The epic defence of Chakdara is intriguing. It lasted a week (26 July-2 August 1897), involved 240 men defending an isolated post against up to 8,000 tribal warriors, and had a big impact on the British public back home at the time. But no VCs were awarded, and the action is almost totally forgotten today. Why?
Isandlwana was perhaps the greatest defeat inflicted on the British redcoats by native warriors in imperial history. To read the full article, see Issue 6 of Military times
The organization of the Zulu army was profoundly different to its professional British counterpart, a part-time citizen militia, the means by which a nation of herdsmen came together periodically in national service. At the heart of the system were guilds known as amabutho (sing. ibutho). The amabutho were a means of exercising central control over […]
In the ‘blame game’ which followed the Zulu battle of Isandlwana, Anthony Durnford quickly emerged as the principal scapegoat. A complex figure who arrived on the battlefield trailing a good deal of emotional baggage, Durnford had been born in Ireland in 1830 to a distinguished military family. He was commissioned into the Royal Engineers in […]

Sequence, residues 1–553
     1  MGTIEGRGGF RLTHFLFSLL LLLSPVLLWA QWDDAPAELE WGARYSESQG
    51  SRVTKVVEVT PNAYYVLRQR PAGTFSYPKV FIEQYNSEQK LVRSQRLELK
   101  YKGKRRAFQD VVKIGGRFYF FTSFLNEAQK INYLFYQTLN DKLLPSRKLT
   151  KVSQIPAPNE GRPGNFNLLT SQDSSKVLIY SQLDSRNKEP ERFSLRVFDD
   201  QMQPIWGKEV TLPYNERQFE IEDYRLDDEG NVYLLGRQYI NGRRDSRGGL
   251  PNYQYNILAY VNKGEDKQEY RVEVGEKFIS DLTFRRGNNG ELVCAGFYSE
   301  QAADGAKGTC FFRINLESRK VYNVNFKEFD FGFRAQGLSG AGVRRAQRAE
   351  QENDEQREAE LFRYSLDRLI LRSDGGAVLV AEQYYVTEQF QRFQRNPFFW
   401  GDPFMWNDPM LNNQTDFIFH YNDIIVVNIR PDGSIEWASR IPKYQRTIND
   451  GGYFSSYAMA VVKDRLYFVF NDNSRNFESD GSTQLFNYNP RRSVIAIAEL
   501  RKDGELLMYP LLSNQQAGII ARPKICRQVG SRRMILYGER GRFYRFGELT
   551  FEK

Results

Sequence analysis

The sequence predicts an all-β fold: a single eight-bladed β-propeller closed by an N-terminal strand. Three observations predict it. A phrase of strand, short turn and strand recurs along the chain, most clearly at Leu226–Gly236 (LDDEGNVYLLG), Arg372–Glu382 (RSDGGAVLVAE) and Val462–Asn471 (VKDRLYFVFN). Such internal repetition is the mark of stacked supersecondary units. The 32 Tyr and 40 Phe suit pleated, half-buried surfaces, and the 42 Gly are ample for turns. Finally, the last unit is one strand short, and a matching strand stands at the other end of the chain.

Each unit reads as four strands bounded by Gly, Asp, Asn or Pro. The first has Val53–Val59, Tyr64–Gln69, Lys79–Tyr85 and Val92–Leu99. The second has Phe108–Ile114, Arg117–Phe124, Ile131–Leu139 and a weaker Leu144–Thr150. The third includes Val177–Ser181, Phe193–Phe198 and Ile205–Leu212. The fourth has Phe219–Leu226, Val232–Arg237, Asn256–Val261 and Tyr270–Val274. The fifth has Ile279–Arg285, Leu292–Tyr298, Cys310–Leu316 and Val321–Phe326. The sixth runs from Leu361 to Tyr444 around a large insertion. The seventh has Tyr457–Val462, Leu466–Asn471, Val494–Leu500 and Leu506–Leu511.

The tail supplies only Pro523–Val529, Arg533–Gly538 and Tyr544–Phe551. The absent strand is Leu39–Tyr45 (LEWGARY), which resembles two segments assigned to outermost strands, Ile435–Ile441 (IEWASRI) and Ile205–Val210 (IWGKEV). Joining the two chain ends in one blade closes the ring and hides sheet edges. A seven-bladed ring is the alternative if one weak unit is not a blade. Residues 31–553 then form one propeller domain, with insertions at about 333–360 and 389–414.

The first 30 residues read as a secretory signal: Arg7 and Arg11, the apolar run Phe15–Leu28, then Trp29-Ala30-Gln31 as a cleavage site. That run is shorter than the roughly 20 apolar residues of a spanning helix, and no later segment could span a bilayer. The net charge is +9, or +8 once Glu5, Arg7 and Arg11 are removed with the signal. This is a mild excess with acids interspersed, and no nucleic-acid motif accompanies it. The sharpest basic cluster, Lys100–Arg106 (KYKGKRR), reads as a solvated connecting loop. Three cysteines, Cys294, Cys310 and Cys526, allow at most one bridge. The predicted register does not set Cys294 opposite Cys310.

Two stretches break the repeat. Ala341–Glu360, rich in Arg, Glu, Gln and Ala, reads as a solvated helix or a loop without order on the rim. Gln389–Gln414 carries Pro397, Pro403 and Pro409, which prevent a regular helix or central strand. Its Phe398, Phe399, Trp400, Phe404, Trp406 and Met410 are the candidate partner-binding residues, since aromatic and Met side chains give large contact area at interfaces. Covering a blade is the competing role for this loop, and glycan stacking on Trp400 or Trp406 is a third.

The Zulu Film Museum is about to open at the Cardiff Castle Museum – find out more about this unique and historic exhibition.
The Battle of Isandlwana on the 22nd of January 1879 was one of the most devastating defeats suffered by Britain at the hands of local inhabitants. The clash between British Troops and Zulu Warriors led to a brutal battle that has been retold numerous times, however much of the tale has proven to have more […]